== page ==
The Gift of Fortitude

A guest post by Holly Dawn Hewlett.

What is the greatest gift I’ve received as a writer? It is always a dangerous thing to ask any artist this question. As artists, we are affected and marked by everything we encounter. What comes to mind when I see this question is the unspoken expectation of the asker, “And can I use this gift in my career?” I would answer that anytime someone takes the time to consider “the greatest of anything” that has affected them, that you have a rare opportunity to add to those experiences that affect and mark you!

For me, the greatest gift I have received as a writer is fortitude. This fortitude has come in the form of humans and experiences throughout my life. As with most writers, my work is like pouring my blood on a page and hoping not to be a victim of a public execution! As strong as I am, as much as I have to put words to page….I cringe at releasing my work to world. They haven’t birthed it, they haven’t agonized over the consonants and vowels, and they haven’t sat in the darkness as their muse exacts her price for this gift.

My journey with fortitude began early. Writing kept me from killing myself or anyone else during my childhood. I could write anything and get all the horror and pain out, which made space for beauty. I was a gifted student in the ghetto of Philly, fresh from divorced parents, a country bumpkin living in a truck camper on an empty lot with my mom, 3 brothers and several cousins. Until I turned 13, less than a handful of people EVER saw my writings, and no one saw all of it.

Thankfully, English classes require you to write, so from 7th grade on, my teachers knew of my writings. One of these, Mrs. Sheridan made me apply for the R Stewart Rausch program at Temple University. Little did I know I was about to find my lifelong mentor Lonnie Moseley. This program took ghetto kids who were gifted and let them go to college in the summer! I was in Heaven! Lonnie took each of us, found our passion and fanned it with all the resources at her disposal. She also didn’t shy away from the reality of our daily lives….abuse, broken homes, drugs, and death. For the first time in my life I could show someone ANY of my writings and not be afraid of reprisal or ridicule!  This gave me the strength to leave the ghetto. To go explore the world and find my voice.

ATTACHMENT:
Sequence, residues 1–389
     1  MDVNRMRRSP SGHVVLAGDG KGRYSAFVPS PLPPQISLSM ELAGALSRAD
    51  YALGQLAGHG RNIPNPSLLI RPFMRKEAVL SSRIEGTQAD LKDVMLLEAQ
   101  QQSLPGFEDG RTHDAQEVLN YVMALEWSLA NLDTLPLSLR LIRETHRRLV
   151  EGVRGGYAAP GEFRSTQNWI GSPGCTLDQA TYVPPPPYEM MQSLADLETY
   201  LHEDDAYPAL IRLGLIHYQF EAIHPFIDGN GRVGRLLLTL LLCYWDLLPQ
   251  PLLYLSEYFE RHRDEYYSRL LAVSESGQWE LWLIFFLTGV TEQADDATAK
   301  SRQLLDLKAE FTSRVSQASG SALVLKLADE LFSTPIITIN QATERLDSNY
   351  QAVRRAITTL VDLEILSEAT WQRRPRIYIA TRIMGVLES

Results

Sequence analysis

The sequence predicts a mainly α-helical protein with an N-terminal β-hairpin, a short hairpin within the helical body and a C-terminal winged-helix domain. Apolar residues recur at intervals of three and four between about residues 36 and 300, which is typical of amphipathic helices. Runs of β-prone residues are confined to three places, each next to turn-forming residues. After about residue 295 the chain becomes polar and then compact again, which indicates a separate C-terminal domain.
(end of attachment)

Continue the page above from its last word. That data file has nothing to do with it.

My journey continued onto the road. I spent 26 years driving a tractor trailer. It you don’t have fortitude or self-reliance when you start, you will either have it or be dead within 30 days.  I loved the road, the indescribable beauty of our country and its peoples, and the challenge everyday of what the day may bring. One of my greatest experiences was finding thousands of other truckers who were writers! There is something about reading a poem into a mic at 3 am going down the road that is cathartic and completely unnerving! Unbelievably, you find out there are countless others who feel just like you.

At 32 years old, I finally had the chance to go to college! I experienced the most unnerving incident of my writing career! Apparently, when you are concentrating and learning anew, unless you are endeavoring in creativity- The brain will shut off sectioned to handle the new stress load being placed on it! The chance of a lifetime (for me) eagerly looking forward to the next 4 years…AND I COULD NOT WRITE! NOT ONE BLOODY RHYME! Not even a couplet! I sat in my dad’s kitchen and sobbed, he of course was dumbfounded. Thankfully, I went to my English Prof Adele Mery, who explained that this happened all the time. She turned me onto a Stephen King book, Nightmares in the Sky  Even the great writer Stephen King had experienced writers block! I took everyone’s advice and tried to just not think about it. Low and behold, about 5 months into my first year—My Muse came back with a vengeance! THANK YOU UNIVERSE!

During these years my fortitude was beaten, bruised, and tempered. I, an out and proud, take no shit Woman and Lesbian…was attending college in South Texas, the only state that has had a criminal statute for just BEING Gay! AND, The University of Texas Pan American, was 93% Roman Catholic. Most of the time my fellow students were waiting for me to burst into a pillar of flames! They let you know real quick that you could wind up dead, but I gave as good as I got and have some awesome scars to tell my grandkids about! Yet, my defining moment wasn’t in school, it was at home; my dad asked me to use a pen name so his customers wouldn’t know it was his daughter writing all this gay and political poetry! I remember going to my room, crying for a couple hours and then there is that moment: I dried my eyes and said Never! I had never hid before then and I wasn’t going to start now. I had the support of my Best Friend, Clancy Metzger, who is also a writer. We are both warriors, each time one of us is weary of the fight the other one grabs the scruff of the neck and pulls you back up and shoves your quill back in your hand and says, “Put on your big girl pants and suck it up!”

I have not looked back since! I look the world in the eye. I speak my truth, and if it helps someone else…I have created a piece of beauty and saved a life! It is not easy, but I can look myself in the mirror and know that that nightmare is NOT speaking, Not writing, not living my truth.

So, speak your truth, stick your chin out, look the world in the eye….fortitude is of no use if you don’t strengthen it with a good work out now and then!



Guest Writer Bio: 
Holly Dawn Hewlett is a published poet, Slivers of My Soul on Her passions are print media, Pitbulls, and Reduce Reuse and Recycle! She is an Energy Consultant for Ambit Energy, working to save people money on their electricity and natural gas bills, check out


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